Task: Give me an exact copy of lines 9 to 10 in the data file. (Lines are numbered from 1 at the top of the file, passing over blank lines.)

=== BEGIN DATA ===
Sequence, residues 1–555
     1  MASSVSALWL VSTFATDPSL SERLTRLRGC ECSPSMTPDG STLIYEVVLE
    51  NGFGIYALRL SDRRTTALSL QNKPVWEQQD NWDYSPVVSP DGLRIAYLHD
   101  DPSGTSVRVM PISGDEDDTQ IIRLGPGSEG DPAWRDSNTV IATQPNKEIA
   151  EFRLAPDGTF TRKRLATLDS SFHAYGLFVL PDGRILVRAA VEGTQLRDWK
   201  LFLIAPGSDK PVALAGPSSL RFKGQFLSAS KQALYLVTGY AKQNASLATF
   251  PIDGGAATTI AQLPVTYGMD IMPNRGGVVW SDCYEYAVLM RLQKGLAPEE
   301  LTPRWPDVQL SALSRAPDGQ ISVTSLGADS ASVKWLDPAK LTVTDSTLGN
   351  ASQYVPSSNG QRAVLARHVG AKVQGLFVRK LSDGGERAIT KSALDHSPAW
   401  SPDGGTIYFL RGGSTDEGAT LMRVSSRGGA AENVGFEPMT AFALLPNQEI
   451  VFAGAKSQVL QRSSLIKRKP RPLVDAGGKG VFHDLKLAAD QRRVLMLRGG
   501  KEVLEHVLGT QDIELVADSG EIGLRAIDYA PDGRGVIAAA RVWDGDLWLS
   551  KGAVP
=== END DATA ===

   351  ASQYVPSSNG QRAVLARHVG AKVQGLFVRK LSDGGERAIT KSALDHSPAW
   401  SPDGGTIYFL RGGSTDEGAT LMRVSSRGGA AENVGFEPMT AFALLPNQEI